Extremists Have Hijacked the (Worthy) Muslim Debate

09/21/2012 08:04 EDT | Updated 11/20/2012 05:12 EST
A demonstrator holds a placard during a protest against the film 'Innocence of Muslims' in Jakarta, on September 14, 2012. More than 350 Muslim fundamentalists and their supporters staged an anti-US demonstration in Jakarta Friday, spewing anger at America over an anti-Islam film. AFP PHOTO / Bay ISMOYO (Photo credit should read BAY ISMOYO/AFP/GettyImages)

I've wondered often enough what utter hopelessness would feel like. I think I know now, because the raging battle between the demented people hell-bent on depicting the Muslim prophet Muhammad in lurid and, frankly, insulting films and cartoons, and those equally demented people who respond to such presentations with unbridled violence are engulfed in a diabolical circle.

There is no solution to it, as far as I can tell, nor is there any indication either side is even interested in seeking one out. And for the rest of us stuck in the middle -- that is to say, those of us who see in this latest episode a complete lack of common sense on display in both these groups -- there is nothing to do but sit on the sidelines and watch. And hope we manage to avoid getting caught in the middle, which could very easily mean injury, even death, should we happen to be in the wrong place at the wrong time.

The wingnuts -- not only the religious, but the militantly secular ones, too -- who continue to produce salacious images of Muhammed have no agenda but to provoke Muslims. Their operation is not about freedom of speech or expression -- and it certainly is not about art (the infantile production and pathetic acting of the Innocence of Muslims "trailer" on YouTube is only one of many tip-offs). It is about garnering a reaction which is a known entity, for if there is one thing non-Muslims can say with certainty about Muslims it is that some of them will respond to any image portrayal of Muhammad with angry mobs and possibly the killing and maiming of demonstrably innocent people. There is, in short, no new point to be made by these cartoons and films, and if there is no point then there is no reason to produce them in the first place.

There is also no reason to react the way Muslims in the Middle East and parts of Europe have over the last two weeks. The level of fury and violence is inexcusable, the backlash as ill-informed and as stupid as the cartoons and the film. I don't ask that Muslims laugh these calumnies off as if they were nothing -- they are most definitely something. But a little perspective is quite obviously necessary, since, in the first case, as nearly everyone but the wingnuts has gone to great lengths to explain over and over again, these are the works of hateful fruitcakes with whom the vast majority of us do not associate (indeed, we detest them, too), and second, we are talking about a few bits of paper coloured in with magic markers and one atrocious 13-minute movie clip. (And it is not as though some Muslims are not guilty of presenting other religions in a, to put it politely, contentious manner, either.)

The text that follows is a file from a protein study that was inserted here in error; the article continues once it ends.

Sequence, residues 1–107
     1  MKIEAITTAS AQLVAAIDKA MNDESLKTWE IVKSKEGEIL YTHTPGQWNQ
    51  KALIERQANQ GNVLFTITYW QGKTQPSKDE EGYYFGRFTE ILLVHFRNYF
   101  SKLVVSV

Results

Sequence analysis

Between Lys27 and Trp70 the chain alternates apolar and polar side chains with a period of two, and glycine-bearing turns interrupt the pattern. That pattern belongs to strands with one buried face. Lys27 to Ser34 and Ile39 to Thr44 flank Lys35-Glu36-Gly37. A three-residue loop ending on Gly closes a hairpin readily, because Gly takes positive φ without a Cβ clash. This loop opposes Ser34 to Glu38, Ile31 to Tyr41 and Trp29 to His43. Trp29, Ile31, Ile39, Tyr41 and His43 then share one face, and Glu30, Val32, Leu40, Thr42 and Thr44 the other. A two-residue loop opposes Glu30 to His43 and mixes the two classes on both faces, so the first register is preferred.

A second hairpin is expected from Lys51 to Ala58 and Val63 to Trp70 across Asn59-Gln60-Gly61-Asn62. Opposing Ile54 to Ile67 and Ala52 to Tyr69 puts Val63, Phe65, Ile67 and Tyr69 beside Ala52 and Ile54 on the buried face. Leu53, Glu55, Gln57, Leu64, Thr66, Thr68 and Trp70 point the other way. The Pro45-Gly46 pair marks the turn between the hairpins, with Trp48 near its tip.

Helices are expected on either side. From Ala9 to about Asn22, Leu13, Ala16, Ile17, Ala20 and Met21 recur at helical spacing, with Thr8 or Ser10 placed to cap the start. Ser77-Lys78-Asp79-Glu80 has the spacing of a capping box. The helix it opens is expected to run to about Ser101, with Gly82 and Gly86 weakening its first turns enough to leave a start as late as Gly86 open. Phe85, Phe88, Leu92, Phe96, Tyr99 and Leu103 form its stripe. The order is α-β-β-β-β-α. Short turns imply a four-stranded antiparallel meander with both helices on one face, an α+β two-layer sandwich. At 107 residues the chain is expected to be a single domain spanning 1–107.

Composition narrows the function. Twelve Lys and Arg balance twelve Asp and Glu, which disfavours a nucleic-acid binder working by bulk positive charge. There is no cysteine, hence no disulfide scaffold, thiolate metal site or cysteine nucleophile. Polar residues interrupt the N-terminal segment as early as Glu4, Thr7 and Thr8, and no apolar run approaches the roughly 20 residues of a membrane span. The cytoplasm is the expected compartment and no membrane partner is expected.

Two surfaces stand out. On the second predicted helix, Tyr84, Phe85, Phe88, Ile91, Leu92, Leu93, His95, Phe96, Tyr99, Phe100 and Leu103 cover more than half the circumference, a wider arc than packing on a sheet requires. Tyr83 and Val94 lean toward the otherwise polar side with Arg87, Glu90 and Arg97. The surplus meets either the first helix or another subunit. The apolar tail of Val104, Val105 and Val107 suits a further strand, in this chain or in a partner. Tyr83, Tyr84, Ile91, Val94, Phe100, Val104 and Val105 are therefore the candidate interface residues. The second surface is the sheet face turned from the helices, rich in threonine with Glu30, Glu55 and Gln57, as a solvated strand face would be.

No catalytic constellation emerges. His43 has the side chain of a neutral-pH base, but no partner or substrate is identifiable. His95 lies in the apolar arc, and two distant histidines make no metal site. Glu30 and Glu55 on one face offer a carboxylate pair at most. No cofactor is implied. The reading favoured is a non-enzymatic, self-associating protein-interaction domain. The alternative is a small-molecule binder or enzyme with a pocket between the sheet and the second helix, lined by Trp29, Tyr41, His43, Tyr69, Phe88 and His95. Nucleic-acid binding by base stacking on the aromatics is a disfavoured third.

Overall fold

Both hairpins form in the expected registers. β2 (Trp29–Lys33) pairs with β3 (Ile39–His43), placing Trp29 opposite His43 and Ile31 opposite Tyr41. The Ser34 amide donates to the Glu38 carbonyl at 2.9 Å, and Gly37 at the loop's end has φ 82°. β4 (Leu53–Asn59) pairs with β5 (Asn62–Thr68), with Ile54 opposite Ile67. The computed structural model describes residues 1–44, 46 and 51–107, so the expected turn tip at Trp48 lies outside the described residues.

The berserk cartoonists and filmmakers (and their equally insane publishers and sponsors) cannot be stopped because we cannot legislate away hatred, try as we might. And the protesters and terrorists, simply put, refuse to stop because of a mistaken apprehension that the entire non-Muslim world is against them, with the proof being a handful of tasteless pictures in what is essentially France's version of Mad magazine.

The irony is that, try as they might to display how different they are from one another, it is impossible to distinguish these two groups from one another. They are both caricatures, which is a bad enough insult to heave on living, breathing humans, but, also, they need each other, equally: the not insignificant number of Muslims who believe the West is out to destroy their belief system and way of life require the crass images of Muhammed to legitimize their cause; the purveyors of the images need the Muslim reaction to validate their provocation. Around and around it goes.

It is maddening, absolutely maddening, to witness these two sides going at each other, especially since this is not some silly argument that will cool off with time and the acquisition of some perspective and understanding but the very serious, seminal struggle of our times, and there is no indication we are getting any closer to solving the question of how the Western value system and the Muslim one can coexist.

Of course, they can coexist, and it is the utmost hope of so many of us that some day they will. And this is why it is thoroughly disheartening, and so very disappointing, to see a discussion so worthwhile being hijacked by two groups of lunatics whose only point of agreement, seemingly, is that they must continue to disagree at all costs. And damn the rest of us caught, helplessly, in the middle.